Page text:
"One study found that nearly 70 percent of WTC rescue and recovery workers suffered new or worsened respiratory symptoms while performing work at the WTC site. The study describes the results of the WTC Worker and Volunteer Medical Screening Program, which was established to identify and characterize possible WTC-related health effects in responders. The study found that about 28 percent of those tested had abnormal lung function tests, and 61 percent of those without previous health problems developed respiratory symptoms (11). However, it is important to note that these symptoms may be related to exposure to debris components other than asbestos.
Although it is clear that the health risks from asbestos exposure increase with heavier exposure and longer exposure time, investigators have found asbestos-related diseases in individuals with only brief exposures. Generally, those who develop asbestos-related diseases show no signs of illness for a long time after their first exposure. It can take from 10 to 40 years or more for symptoms of an asbestos-related condition to appear (2)."
I'm not sure any of the parents are "hysterical" but certainly will be if the children begin to suffer from mesothelioma. The problem with the disease is the fact that it could take 10-40 years for signs and symptoms of asbestos exposure to set in. While at the moment I cannot find the exact statistic you are looking for I will share with you 2 other articles that I found quite interesting involving exposure to asbestos.
The above blog is a political blog - this is not about politics it’s about innocent children who will suffer because someone wants to save a dollar. If there is a small percentage that your kid will get cancer what will you do? Would it be worth the money to send them to private school for a year or home school them for a year, it may be a decision that many parents will face going into the new school year.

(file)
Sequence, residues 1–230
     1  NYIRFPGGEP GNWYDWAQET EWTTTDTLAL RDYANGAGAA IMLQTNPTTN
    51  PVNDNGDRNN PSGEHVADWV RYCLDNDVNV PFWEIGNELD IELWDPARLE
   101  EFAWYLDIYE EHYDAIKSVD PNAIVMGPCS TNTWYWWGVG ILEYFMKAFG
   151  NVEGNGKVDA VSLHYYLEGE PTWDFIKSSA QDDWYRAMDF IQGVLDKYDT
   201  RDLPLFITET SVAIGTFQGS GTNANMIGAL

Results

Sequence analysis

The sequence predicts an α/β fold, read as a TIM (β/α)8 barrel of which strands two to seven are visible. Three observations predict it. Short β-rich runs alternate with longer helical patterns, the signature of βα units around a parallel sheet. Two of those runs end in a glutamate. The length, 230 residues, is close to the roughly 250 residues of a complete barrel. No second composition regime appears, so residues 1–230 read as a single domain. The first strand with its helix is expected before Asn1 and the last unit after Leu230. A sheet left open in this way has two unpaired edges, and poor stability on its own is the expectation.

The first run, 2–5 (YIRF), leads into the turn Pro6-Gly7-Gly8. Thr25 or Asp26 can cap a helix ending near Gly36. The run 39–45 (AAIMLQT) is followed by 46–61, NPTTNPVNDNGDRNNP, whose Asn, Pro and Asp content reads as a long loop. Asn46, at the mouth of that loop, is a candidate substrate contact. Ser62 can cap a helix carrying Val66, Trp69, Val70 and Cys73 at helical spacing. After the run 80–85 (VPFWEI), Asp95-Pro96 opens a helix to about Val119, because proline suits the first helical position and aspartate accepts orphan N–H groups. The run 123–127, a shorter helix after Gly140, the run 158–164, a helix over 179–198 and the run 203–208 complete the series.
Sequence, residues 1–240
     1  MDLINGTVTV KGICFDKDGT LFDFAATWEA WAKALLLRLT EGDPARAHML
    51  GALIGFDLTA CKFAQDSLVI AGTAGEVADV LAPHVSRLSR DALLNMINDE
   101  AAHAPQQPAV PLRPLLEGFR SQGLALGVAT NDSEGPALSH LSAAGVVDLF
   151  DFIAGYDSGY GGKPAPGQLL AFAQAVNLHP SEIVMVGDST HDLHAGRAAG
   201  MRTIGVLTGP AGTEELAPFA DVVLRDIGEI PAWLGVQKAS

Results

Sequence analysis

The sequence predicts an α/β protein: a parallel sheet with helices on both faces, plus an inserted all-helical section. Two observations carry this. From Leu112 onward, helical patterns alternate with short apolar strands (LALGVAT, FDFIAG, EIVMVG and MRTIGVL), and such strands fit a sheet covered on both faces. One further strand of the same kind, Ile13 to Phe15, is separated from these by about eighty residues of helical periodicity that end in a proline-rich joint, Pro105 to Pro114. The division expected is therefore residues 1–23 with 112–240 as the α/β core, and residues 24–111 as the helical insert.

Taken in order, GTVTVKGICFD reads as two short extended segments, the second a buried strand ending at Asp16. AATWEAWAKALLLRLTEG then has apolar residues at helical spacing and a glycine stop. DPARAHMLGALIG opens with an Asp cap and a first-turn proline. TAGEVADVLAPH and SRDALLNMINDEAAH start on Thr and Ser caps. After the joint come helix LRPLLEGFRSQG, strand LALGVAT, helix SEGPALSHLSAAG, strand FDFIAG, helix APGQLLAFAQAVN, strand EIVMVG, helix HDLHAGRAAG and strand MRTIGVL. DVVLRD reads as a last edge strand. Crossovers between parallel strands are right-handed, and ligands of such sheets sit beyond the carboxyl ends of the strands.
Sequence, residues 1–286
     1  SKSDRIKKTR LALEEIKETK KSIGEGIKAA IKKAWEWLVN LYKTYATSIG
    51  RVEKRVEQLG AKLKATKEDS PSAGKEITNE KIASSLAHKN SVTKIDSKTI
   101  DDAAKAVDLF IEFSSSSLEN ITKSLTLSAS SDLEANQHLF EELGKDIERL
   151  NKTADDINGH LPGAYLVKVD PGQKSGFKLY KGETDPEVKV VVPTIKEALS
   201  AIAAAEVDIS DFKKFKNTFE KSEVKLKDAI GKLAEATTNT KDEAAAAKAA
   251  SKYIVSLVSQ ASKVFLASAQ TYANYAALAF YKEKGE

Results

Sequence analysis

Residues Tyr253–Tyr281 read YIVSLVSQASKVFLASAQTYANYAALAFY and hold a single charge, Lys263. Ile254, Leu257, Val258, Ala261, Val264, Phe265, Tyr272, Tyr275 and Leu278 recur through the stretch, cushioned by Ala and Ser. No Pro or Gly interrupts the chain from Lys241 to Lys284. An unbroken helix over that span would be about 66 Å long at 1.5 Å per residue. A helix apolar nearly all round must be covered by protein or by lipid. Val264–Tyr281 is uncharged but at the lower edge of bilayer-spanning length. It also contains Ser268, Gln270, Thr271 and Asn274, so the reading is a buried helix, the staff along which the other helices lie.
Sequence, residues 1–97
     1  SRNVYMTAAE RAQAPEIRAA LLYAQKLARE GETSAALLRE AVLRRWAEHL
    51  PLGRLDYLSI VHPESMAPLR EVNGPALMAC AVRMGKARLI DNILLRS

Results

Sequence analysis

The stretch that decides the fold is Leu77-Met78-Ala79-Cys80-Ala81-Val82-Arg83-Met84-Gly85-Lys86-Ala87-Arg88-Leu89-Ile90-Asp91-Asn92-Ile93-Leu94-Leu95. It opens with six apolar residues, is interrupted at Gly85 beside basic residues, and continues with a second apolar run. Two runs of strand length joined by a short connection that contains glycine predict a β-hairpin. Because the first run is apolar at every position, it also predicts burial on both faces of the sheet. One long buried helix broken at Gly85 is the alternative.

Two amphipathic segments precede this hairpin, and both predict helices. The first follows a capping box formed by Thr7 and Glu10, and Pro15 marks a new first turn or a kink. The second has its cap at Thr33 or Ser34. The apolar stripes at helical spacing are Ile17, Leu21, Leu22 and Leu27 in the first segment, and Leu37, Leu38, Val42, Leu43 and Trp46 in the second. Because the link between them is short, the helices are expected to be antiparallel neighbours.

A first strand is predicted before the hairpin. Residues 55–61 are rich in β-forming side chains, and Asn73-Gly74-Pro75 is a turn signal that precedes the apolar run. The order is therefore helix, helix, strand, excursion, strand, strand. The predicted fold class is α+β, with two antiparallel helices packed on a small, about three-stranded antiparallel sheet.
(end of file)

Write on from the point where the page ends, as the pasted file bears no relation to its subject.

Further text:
Portion of the article:
“Asbestos in schools is a significant health concern. According to the American Federal of Teachers, teaching carries one of the highest risks of mesothelioma, an aggressive cancer of the organ linings, of any non-industrial profession. In an attempt to protect students and school employees from mesothelioma and other asbestos-related illnesses, the government laid out guidelines for dealing with asbestos in schools in the Asbestos Hazard Emergency Response Act (AHERA) in 1986. The act is part of the Toxic Substance Control Act (TSCA).
Under AHERA, schools are required to inspect their buildings for crumbling asbestos every six months and to regularly perform inspections of all asbestos-containing material. In addition, they must develop an asbestos management plan, which may include spraying the asbestos with sealants, maintaining it properly (such as doing routine maintenance on asbestos floor tiles) or enclosing it. The asbestos management plan must be on file at the school and must be available to the public.
Since removal is costly and poses the risk of releasing dangerous airborne fibers that could one day cause mesothelioma, the EPA recommends that it be a last resort. When asbestos removal is necessary, schools are required to notify parents, teachers, employees and the public of their plans."
@ Matt – I would say there is every reason to be concerned as a tax payer, parent or employee this exposure should only be a last resort. Here is an interesting article on a School district in New Jersey who decided against construction while the students were in session: